The Education and Training Act 2020: Te Tiriti o Waitangi
The Education and Training Act 2020 aims to give all learners a high-quality, culturally responsive, seamless and inclusive education, from early learning, through schooling, and into tertiary education, vocational training and employment.
- What is the Education and Training Act?
- How does the Act apply the Māori-Crown partnership under Te Tiriti o Waitangi?
- Statement of expectations
- School boards to give effect to Te Tiriti o Waitangi
- New complaint and disputes resolution panels
- New Te Tiriti section
- When do these changes take effect?
- Further information
The Act is the biggest rewrite of education legislation in decades. Much of its content gives effect to the Government’s plans to transform the education system, following the Kōrero Mātauranga | Education Conversation and the Tomorrow’s Schools Taskforce report.
The Act incorporates and replaces the Education Acts of 1964 and 1989, and also incorporates the Education (Pastoral Care) Amendment Act 2019 and the Education (Vocational Education and Training Reform) Amendment Act 2020.
To address education agencies’ obligations under Te Tiriti o Waitangi, section 6 of the Act allows the Ministers of Education and Māori-Crown relations: Te Arawhiti, after consultation with Māori, to issue a statement specifying what education agencies must do to give effect to the public service objectives expectations that relate to Te Tiriti o Waitangi.
The intention of the statement is to provide greater specificity around what those education agencies must do to be Tiriti compliant.
The Act provides, in section 127, that one of the primary objectives for Boards is to give effect to Te Tiriti o Waitangi by:
- working to ensure their plans, policies and local curriculum reflect local tikanga Māori, mātauranga Māori and te ao Māori
- taking all reasonable steps to make instruction available in tikanga Māori and te reo Māori and
- achieving equitable outcomes for Māori students.
The new Tiriti board objective provision commences on 1 January 2021, so that boards have time to understand and prepare for the changes they need to make to their school to give effect to the new objective.
The Government is taking practical steps to support the growth of te reo Māori capability in the education workforce through initiatives such as Te Ahu o te Reo Māori, Te Aho Ngārahu and the TeachNZ Scholarship(external link) programme.
School boards will need to work with their communities to ensure their plans, policies and local curriculum reflect local tikanga Māori, mātauranga Māori and te ao Māori. Ministry staff will be able to provide advice on how to initiate these conversations.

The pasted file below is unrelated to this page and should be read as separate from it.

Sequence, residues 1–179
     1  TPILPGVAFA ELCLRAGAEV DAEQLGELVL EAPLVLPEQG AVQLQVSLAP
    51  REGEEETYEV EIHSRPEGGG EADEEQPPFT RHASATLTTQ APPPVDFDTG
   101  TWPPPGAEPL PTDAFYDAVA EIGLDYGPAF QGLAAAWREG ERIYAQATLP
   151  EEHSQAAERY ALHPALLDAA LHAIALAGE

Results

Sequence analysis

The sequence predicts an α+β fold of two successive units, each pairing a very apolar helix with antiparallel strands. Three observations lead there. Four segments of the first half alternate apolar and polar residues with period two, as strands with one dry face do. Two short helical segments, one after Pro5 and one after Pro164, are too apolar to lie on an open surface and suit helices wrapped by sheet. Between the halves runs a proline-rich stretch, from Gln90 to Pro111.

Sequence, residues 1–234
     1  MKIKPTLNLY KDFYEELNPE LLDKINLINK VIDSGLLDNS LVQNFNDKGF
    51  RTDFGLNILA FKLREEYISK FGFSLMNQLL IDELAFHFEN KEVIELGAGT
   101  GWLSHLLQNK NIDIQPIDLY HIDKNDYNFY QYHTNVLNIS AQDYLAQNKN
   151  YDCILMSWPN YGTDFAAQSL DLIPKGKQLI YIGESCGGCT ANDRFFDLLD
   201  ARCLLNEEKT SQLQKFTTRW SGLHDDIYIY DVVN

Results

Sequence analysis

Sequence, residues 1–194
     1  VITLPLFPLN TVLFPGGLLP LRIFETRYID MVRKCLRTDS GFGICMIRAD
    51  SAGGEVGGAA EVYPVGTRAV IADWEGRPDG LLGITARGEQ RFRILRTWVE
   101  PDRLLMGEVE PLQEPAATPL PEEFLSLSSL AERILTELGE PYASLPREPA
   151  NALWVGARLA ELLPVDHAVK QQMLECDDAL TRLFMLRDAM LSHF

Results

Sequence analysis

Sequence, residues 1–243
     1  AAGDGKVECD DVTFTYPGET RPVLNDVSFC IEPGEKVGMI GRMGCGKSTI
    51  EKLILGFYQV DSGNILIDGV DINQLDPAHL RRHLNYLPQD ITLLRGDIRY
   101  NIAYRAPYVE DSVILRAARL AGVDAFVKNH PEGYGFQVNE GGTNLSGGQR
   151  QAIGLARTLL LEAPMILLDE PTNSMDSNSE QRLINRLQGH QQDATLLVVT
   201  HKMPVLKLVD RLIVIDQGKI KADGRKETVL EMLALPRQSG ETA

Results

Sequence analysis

Supports and tools to help with this include:
- Rapua Te Ara Tika | the Local Curriculum Design Tool(external link), which helps communities to build a shared marau ā-kura and local curriculum across the education pathway;
- Tātaiako cultural competencies for teachers of Māori learners(external link) which help teachers personalise learning for, and with, Māori learners;
- Professional Learning and Development(external link) on cultural capability, local curriculum design, and assessment for learning in English medium;
- Te Hurihanganui to help participating schools and communities build effective partnerships to support learner outcomes.
The Act enables the establishment of new local complaint and dispute panels to hear serious disputes where these cannot be resolved at the school level. Panels will be accessible, free, flexible, and membership will reflect local school communities. The provisions are located in sections 216 to 236 of the Act.
The panels will have mediation, recommendation and decision-making functions, and will hear disputes relating to:
- rights to education (including enrolment and attendance)
- stand-downs, suspensions, exclusions and expulsions
- learning support, racism and other types of discrimination
- physical and emotional safety and
- physical restraint of a student by a teacher or other authorised employee.
The date for establishing panels has not yet been set. The panels will be established by regulations, which will also provide additional detail about panel processes and procedures. The Ministry will consult publicly as these regulations are developed. The Ministry will also prepare material, such as guidance and communications material, to provide additional information to principals, boards, students and their whānau.
As a partner to Te Tiriti o Waitangi, the Crown has a duty to actively promote and protect Tiriti rights and to develop education settings in a way that reflects Māori-Crown relationships.
The Education and Training Act sets out the key Te Tiriti-related provisions in section 9.
Statement of expectations
Boards to give effect to Te Tiriti
1 January 2021.
Complaints and disputes resolution panels
New regulations need to be developed to provide the detail for how the panels will work before they can be established. The Ministry will consult publicly on the content for these regulations.
New Te Tiriti section
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